Expressing The Boobs Whilst Breastfeeding
I still can’t believe that I am successfully breastfeeding Baby George. The boobs are doing a great job and I am so proud. Which is surprising, as I spend a lot of my day (and night) doing it, but it still hasn’t quite sunk in yet for some reason. After trying and failing… Sorry, no, that’s not good terminology is it? After ‘not being successful’ (bit better) with breastfeeding our eldest, Teddy, I was gutted about having to stop due to him suffering really badly with Reflux (G.E.R.D) . Therefore, I was subsequently prepared for it all to go wrong with George.
Well, it hasn’t. He has been exclusively breastfed from birth and loves it. And I do too. But, there is one thing that I find so tedious.
Expressing breast milk.
I have to express. If I want to go out of the house without George by my side, I have to make sure there is enough boob milk left behind to tide him over. Going out to catch up with a friend? Out comes the breast pump. Going to the shops to try on jeans and play with makeup? Go for it! But remember the breast pump. Dipping your toe back into work a bit? Well done. But did you get the breast pump?
Pump The Boob!
I have the Medela Breast Pump . I bought it from the maternity ward after we had Teddy and this felt like a no brainer choice because Medela was the brand the ward were using and what’s good for them would be good for me! I am usually the type of person to read up on reviews and write ups if I’m making a purchase, but I just knew this one was good.
My choice was the right one and it has been amazing! It’s a brilliant pump, small and compact with a great amount of suction as well as a choice of settings and speeds to simulate the sucking reflex on the nipple to encourage better milk flow.*
* If you have only read the above paragraph and think this is an erotica post, then you have got the wrong place and have my sincerest apologies for misleading you!
I would be lost without this pump though. My boobs would be like rocks, my milk supply would have definitely dwindled in the beginning and I would be incapable of having any time away from George. Sounds harsh, but sometimes you do need that space.
But I Really Hate Expressing!
For one thing, it’s so fiddly! Getting it positioned to just the right place so that the nipple gets pulled into the nozzle thingy (I know, excelling at technical jargon here) and getting comfortable whilst not compromising the equipment, is just so difficult to do!
And it’s boring. You sit there, milking yourself, watching the milk come out with a little bit of anxiety tinging the pride because you need to get as much as you can or else all hell shall break loose!
Nine times out of ten, I am also nursing George on one boob whilst expressing from the other. It’s a good time to do it as having him nurse from me triggers all the hormones and helps my milk ‘let down’ happen at it’s fullest capacity. But it’s a bad time because George tends to get angry at the pump (presumably he sees it as stealing his precious milk) and he also likes to play with the tube that attaches the pump to the nozzle and bottle so there have been a couple of times where I have ended up ‘disconnected’ and soaked through.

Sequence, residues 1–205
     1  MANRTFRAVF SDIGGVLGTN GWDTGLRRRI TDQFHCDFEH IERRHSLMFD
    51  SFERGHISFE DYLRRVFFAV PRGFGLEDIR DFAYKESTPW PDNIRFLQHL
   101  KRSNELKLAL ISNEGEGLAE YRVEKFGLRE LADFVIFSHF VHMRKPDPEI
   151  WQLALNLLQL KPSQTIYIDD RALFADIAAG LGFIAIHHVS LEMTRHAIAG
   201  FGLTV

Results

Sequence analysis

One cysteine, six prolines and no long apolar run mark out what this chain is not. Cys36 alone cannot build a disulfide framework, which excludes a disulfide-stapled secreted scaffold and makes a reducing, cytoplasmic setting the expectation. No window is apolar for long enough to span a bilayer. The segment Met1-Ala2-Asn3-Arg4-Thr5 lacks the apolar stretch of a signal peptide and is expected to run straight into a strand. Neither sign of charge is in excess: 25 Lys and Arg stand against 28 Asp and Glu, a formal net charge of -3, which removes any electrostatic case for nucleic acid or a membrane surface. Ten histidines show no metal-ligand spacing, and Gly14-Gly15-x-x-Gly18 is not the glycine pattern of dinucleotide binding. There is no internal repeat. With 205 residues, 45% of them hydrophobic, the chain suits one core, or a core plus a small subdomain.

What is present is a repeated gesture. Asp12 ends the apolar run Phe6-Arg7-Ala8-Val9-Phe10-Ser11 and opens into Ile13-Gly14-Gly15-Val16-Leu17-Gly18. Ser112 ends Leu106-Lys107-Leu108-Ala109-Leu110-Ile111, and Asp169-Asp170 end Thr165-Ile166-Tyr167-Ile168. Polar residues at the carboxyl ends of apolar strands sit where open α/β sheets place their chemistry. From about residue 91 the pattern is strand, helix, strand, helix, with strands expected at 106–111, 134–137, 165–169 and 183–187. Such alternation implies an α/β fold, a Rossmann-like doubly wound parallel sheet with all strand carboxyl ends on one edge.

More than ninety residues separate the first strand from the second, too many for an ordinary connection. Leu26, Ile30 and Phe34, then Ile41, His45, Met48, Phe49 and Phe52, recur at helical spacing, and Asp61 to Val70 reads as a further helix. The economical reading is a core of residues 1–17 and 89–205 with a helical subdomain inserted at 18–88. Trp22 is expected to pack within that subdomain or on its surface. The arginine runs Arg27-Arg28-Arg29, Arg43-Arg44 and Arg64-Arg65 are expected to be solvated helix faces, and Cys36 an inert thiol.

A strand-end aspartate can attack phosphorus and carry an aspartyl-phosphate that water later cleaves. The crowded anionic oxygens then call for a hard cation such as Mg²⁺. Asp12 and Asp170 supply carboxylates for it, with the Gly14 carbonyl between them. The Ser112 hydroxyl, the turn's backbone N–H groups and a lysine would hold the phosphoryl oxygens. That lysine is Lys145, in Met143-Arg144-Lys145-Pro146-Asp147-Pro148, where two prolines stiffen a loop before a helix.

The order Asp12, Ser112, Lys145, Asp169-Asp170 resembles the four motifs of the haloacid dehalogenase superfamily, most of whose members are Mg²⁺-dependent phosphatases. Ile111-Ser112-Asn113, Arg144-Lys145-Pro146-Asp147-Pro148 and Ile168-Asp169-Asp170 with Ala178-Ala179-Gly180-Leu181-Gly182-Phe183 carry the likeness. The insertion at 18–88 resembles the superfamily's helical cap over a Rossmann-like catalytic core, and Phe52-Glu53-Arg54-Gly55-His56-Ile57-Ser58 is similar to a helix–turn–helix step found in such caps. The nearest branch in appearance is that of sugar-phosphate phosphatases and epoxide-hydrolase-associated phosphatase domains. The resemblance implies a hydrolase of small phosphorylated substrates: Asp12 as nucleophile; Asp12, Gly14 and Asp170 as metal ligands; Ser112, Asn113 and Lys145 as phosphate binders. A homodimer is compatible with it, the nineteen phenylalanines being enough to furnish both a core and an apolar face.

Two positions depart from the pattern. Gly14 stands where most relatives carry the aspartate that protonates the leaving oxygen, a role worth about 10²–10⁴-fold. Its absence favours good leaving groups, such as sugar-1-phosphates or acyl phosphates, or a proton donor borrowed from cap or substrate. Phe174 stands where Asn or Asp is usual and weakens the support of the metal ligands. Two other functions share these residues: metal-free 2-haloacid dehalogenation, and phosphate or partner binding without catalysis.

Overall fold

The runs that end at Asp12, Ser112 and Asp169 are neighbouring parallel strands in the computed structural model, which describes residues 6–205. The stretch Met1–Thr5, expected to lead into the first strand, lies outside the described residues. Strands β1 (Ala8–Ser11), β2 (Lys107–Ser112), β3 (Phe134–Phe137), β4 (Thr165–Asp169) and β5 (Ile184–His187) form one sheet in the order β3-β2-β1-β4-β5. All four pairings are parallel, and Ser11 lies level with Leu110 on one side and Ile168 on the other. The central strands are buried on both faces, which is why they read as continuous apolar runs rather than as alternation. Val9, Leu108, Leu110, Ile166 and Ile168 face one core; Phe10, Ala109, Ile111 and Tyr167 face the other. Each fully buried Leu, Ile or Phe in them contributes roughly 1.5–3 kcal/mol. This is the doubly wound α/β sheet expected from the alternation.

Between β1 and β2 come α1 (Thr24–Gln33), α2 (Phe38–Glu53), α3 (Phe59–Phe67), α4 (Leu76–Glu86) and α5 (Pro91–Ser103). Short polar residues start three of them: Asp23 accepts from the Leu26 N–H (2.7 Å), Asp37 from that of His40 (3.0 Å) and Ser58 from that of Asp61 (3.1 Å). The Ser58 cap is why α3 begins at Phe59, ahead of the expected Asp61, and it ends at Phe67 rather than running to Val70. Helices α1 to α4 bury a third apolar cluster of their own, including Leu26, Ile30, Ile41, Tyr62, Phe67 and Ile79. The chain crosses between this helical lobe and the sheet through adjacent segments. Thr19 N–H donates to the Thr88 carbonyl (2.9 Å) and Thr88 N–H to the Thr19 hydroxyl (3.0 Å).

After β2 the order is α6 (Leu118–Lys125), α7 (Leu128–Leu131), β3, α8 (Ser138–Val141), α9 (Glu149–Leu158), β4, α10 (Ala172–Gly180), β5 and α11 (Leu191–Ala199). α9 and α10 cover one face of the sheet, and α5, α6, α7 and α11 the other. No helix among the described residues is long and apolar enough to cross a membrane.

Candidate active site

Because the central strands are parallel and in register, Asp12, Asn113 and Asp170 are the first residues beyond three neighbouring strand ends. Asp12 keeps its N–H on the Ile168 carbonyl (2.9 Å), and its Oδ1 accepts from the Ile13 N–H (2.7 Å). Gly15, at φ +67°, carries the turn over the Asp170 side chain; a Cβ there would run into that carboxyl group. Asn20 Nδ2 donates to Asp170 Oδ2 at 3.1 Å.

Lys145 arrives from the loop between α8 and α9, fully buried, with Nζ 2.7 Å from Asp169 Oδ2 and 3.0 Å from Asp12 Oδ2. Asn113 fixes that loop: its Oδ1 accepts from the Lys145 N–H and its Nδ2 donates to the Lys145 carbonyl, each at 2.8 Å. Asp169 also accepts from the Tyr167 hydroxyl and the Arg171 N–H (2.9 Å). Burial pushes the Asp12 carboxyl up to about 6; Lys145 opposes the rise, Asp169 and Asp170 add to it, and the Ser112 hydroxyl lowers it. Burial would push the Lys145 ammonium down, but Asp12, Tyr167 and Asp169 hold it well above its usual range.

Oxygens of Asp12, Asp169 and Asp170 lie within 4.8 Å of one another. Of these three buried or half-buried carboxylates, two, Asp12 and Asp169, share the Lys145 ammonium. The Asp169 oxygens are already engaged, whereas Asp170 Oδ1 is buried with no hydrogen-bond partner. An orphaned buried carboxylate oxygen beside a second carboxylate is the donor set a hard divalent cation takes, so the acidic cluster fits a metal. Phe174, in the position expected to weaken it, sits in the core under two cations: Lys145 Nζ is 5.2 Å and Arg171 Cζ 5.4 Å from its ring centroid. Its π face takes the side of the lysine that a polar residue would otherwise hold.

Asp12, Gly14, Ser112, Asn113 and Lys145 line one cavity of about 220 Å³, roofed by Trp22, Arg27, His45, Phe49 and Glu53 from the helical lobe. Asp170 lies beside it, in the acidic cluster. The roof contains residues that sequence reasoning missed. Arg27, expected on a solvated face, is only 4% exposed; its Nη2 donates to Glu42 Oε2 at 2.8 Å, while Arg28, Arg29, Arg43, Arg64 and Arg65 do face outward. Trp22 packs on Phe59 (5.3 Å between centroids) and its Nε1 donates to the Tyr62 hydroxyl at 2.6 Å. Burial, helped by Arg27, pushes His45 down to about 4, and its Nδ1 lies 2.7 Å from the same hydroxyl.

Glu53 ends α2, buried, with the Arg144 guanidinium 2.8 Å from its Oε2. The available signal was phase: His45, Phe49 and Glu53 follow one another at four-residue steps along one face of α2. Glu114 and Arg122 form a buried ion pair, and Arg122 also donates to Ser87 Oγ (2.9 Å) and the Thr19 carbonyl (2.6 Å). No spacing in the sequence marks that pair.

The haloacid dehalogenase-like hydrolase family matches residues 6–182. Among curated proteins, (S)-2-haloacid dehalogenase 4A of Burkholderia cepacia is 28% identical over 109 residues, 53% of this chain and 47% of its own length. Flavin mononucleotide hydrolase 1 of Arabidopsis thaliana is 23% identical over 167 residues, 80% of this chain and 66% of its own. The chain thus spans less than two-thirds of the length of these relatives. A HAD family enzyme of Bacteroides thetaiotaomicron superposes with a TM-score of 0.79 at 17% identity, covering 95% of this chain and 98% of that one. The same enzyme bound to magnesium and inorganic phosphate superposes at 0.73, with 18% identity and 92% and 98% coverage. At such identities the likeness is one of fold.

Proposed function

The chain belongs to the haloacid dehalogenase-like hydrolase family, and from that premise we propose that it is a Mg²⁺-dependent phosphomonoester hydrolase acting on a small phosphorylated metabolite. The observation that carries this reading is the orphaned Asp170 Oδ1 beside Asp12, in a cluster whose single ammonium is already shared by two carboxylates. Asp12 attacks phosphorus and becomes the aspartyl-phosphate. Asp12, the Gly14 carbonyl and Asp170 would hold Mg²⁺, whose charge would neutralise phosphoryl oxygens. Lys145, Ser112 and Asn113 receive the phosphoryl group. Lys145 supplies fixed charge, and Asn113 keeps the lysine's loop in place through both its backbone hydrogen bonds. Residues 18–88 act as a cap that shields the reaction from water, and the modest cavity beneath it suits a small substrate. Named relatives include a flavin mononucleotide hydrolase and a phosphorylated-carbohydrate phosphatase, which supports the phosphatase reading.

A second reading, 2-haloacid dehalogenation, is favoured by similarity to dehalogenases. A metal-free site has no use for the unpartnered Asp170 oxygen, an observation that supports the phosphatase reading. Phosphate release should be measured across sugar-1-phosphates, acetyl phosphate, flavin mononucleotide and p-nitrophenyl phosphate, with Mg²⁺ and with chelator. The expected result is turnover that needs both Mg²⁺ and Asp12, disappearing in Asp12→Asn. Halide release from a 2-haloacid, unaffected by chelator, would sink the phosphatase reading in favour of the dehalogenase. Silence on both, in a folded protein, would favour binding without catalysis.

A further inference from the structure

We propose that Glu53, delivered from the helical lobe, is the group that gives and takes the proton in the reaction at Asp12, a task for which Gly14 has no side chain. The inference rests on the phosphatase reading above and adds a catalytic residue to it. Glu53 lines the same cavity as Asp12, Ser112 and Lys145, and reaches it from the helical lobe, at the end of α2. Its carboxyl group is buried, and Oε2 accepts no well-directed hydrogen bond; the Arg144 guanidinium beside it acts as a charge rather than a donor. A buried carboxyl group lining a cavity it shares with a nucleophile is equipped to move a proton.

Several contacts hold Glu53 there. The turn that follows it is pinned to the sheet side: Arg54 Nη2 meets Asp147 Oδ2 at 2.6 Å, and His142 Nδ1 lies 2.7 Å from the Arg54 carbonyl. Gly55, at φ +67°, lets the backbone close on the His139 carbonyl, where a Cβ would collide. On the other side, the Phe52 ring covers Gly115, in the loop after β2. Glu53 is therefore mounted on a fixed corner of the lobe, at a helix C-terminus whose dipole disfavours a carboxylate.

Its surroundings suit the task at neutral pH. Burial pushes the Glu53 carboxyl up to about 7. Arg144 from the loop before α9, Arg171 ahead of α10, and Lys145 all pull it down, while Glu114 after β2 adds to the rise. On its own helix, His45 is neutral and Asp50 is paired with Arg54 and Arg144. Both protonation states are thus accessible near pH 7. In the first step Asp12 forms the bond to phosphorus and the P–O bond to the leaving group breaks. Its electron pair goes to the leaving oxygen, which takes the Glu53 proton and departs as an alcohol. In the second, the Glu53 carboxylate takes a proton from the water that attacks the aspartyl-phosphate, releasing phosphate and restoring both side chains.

It’s also no easy feat producing enough milk to feed the baby in the present whilst providing for more for him in the future. I am not a cow (in the literal term at least) and I do not have taps for nipples. I have to produce this baby nectar and that takes time, energy and patience. The key behind it has been very similar to Peter Pan’s advice to Wendy on how to fly: ‘Think Happy Thoughts’. Sounds so easy but if you are sleep deprived, sitting in a messy hole that used to be your house and witnessing your toddler trying to feed your 5 month old a hula hoop, it’s difficult not to let the negativity take over. Or the incredulity that comes from everyone thinking that you are some sort of vending machine…
Expressing Enough Is So Difficult
There have been many times PB has looked at my little 50ML stash in the fridge and said ‘Is that all you got?’ or he will turn to me and say with trepidation, ‘You need to get expressing… Have we got enough for when you go to so and so?.’ Panic is the theme behind these enquiries. Because he knows that, without my milk, his time with George is not going to be pleasant. My milk is basically the glue that holds everything together.
Which is a huge compliment but also a massive amount of responsibility! And now that I am looking to get back into work again (gradually, no running before walking for me this time!), I am so aware that I have to be on the ball with pumping and storing my milk.
So, out come the carbs, into the socket goes the pump cable and soon enough the rhythmic ‘Muh, moo, muh, moo, muh moo’** sounds shall be filling the house even more than ever so that I am not too missed during my absence.
Or rather, so that my boobs are not too missed. Obviously.
** How ironic that a breast pump sounds like a cow. Coincidental and somewhat ironic methinks.